Ronnie Montrose was never as famous as his peers. He is the lost ‘70s guitar god — the massive-sounding riff facilitator on the most memorable Edgar Winter Group release (1972’s They Only Come Out at Night) and one of the strongest eponymous debuts no one ever talks about, 1973’s Montrose.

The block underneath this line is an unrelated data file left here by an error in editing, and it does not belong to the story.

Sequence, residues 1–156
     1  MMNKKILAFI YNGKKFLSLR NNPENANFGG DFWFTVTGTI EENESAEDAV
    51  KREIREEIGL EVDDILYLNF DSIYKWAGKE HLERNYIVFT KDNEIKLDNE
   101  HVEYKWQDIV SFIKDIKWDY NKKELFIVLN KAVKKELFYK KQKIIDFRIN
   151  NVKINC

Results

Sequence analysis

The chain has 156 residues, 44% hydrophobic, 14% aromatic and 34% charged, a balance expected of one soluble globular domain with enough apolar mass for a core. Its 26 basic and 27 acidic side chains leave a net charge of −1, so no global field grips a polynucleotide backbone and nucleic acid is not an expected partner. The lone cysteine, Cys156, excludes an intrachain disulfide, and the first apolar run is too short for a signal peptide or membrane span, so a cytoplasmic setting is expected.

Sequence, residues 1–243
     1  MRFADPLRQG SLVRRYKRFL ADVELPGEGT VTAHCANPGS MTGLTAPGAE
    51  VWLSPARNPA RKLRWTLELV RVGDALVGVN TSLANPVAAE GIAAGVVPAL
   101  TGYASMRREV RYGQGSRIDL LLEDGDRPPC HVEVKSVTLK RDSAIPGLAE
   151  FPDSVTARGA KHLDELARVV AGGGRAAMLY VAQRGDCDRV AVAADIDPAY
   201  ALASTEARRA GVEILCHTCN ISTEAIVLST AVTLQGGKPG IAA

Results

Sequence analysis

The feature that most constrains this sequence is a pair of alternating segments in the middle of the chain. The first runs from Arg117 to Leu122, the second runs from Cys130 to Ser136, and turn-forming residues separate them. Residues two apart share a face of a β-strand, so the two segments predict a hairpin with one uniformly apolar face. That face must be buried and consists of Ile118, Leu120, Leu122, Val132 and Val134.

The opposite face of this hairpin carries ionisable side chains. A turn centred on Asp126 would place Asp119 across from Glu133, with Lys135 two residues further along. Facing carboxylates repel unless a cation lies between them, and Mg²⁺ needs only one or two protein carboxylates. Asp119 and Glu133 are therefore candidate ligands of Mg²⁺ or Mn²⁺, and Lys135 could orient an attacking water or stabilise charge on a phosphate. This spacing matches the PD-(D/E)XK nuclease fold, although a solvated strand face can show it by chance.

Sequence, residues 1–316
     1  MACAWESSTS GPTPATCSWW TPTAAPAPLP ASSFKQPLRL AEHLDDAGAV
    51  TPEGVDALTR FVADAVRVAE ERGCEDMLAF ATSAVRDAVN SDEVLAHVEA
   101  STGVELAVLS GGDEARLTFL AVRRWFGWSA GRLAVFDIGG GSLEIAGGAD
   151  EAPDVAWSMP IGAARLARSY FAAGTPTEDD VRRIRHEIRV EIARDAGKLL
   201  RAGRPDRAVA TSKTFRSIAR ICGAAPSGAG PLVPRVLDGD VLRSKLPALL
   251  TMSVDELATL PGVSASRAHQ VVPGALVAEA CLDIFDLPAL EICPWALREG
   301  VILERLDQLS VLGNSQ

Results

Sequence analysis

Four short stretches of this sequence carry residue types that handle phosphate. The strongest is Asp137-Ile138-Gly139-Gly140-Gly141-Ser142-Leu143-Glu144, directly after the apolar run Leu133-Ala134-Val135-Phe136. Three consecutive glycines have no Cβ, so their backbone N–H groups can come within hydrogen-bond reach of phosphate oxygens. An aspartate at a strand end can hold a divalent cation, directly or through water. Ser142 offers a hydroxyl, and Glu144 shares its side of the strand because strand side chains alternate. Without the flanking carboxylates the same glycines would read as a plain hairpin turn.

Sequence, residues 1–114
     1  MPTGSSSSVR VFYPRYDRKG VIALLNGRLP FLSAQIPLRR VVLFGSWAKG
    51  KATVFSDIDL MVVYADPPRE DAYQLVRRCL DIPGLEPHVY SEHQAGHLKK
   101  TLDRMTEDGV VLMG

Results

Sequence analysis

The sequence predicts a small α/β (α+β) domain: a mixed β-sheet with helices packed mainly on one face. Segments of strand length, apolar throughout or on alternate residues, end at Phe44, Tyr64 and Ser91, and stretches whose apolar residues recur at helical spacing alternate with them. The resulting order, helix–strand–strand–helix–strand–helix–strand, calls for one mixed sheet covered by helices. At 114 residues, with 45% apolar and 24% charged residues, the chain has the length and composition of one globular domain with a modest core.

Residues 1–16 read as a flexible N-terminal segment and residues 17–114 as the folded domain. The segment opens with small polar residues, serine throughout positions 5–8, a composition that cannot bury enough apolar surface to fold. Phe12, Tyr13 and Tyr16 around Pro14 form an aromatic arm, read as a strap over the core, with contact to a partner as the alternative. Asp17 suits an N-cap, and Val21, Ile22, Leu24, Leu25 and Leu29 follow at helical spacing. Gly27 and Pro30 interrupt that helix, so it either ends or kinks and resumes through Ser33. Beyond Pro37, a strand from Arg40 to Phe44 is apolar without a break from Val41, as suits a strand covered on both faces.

Before his death this weekend (initially reported as the result of prostate cancer, his website states he "chose his own exit"), the principal reason anyone mentioned Montrose was because it served as the launching pad for Sammy Hagar’s mainstream career as a vocalist. But the strength of the band was always the towering, reverberating heft of Montrose’s guitar and the production of Ted Templeton, who’d later use the Montrose sonic template to create the signature sound of Van Halen. According to many who worked alongside him, Mr. Montrose was an unusually serious, anti-glam perfectionist who was so inflexible about music that he was sometimes difficult to work with: When Hagar tried to convince him to put on a more commercial stage show in the mid ‘70s, Montrose essentially stopped talking to him and allowed the original lineup to implode. (“He had a lot of anger inside him,” Hagar wrote in 2011. “He could have been in Metallica or something like that today. He shut me out.”) However, the passage of time has validated Montrose’s single-minded approach; though he never earned the personal adulation of Ted Nugent or Brian May, his music remains equally present within the modern landscape of classic rock radio. Montrose was 64.